By Michael Kotowski
My friend was among the last group of passengers to fly on the now retired Concord supersonic jetliner. He told me that as the aircraft was gathering speed and climbing toward cruising altitude, an illuminated sign on the bulkhead announced, “You are now traveling faster than a .45 caliber bullet.”
“And there I was,” he said, “Sitting with my legs crossed and sipping a Bloody Mary. Can you believe that?”
Well, yes. Yes I can. After having had similar existential experiences regarding the subject, it occurs to me that speed is merely an illusion—at least the sensation of speed is an illusion. Actual speed as measured by a police officer’s radar gun is another matter. Even my four-year-old grandson is familiar with perceived versus actual speed.
“We need to walk fast, William. We’re meeting your mommy for lunch in ten minutes and we’ll be late if we don’t hurry up.”
He tells me, “But Grandpa, I am walking fast. Really, really fast!”
When I look down at his legs that are clearly moving three times faster than mine—a blur of canvas sneakers and corduroy—I realize he’s right. He is walking fast. In the case of the Concord—and my grandson, too, I’d say—proximity to the ground is probably the primary factor for distorting the sensation of speed. Regarding the Concord, secondary factors no doubt include minimal ambient sound and a modest sensation of motion within the cabin.
So, how exactly does this work? And more importantly, how can we best optimize this illusion when we’re behind the wheel of our favorite sports car? I’m quite happy borrowing the popular quote: “It is more fun to drive a slow car fast.” And when my “fun zone” is somewhere between 35 and 70 mph, for the most part it’s all nice and legal.
I would add that the size of the vehicle is another factor in creating the sensation of speed. So too is the degree of our participation. Running up and down through the gears adds an element of speed and exhilaration that an automatic transmission fails to deliver. You can probably see where I’m going with this. Ladies and gentlemen, I present to you the Classic Mini: poster child of illusionary speed. A miniature body supported by tiny wheels mere inches from the ground? Check. Plenty of participation required of the driver? Check. And an arguably under-powered motor providing plenty of noise? Check and check.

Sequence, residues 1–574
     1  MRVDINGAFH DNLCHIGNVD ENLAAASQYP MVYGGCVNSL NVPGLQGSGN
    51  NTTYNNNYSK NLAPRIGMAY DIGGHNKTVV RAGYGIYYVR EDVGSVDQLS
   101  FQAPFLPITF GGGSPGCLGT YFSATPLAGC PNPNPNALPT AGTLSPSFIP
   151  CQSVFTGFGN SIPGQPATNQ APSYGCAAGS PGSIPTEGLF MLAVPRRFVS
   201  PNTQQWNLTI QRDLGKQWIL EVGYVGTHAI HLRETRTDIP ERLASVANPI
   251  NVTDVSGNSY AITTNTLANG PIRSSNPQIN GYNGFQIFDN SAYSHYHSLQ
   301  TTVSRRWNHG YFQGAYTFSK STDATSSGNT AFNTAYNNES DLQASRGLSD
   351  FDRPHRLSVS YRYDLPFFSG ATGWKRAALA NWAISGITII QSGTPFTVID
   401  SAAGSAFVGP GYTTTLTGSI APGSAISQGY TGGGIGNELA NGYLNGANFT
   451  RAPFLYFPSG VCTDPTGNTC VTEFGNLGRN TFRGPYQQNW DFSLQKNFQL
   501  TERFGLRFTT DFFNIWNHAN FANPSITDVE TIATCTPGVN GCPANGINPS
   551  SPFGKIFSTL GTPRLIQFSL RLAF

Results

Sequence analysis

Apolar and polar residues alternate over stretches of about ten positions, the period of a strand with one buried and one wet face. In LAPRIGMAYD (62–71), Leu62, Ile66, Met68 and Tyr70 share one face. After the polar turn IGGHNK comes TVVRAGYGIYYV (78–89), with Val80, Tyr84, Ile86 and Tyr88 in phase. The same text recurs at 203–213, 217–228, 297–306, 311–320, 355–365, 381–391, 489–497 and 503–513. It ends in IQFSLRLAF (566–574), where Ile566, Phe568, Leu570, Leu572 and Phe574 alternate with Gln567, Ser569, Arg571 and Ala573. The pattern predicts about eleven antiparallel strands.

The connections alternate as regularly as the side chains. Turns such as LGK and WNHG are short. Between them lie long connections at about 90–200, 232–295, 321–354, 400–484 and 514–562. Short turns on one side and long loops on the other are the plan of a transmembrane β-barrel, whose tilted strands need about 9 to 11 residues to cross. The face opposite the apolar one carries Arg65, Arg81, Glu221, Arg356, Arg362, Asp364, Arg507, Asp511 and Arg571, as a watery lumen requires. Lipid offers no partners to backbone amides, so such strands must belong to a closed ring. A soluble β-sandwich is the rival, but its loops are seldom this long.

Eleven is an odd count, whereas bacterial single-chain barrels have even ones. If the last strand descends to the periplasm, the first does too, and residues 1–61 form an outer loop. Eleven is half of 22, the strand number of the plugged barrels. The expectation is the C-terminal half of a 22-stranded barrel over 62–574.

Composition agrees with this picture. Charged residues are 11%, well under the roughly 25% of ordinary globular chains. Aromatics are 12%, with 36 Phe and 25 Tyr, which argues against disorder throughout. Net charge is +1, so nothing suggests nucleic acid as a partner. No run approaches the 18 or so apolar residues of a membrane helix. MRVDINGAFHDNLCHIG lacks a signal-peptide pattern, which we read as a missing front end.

Regarding the participatory factor in all this, there are few automobiles that require—demand actually—greater participation from its driver. Driving a Mini is more like riding a motorcycle, requiring a full 80% of your attention. It takes both hands and both feet to keep the car between the ditches. Best not try sipping a latte or texting a buddy while piloting this miniature automobile on anything but a large, dry lake-bed.
I often take my Mini ‘Rosebud’ on a romp through secluded, tree-shaded roads, with tight turns and a 40 mph speed limit that provide a perfect venue for some spirited afternoon driving.
It is at once both comical and humiliating to be gripping the steering wheel with all of my might while bipping the throttle for a downshift and powering through a tight turn with my sticky track tires seemingly on the edge of adhesion, only to see in my mirror a gardener in a pickup truck piled with lawnmowers and grass clippings inches from my rear bumper.
Doesn’t he know how fast I think I’m going?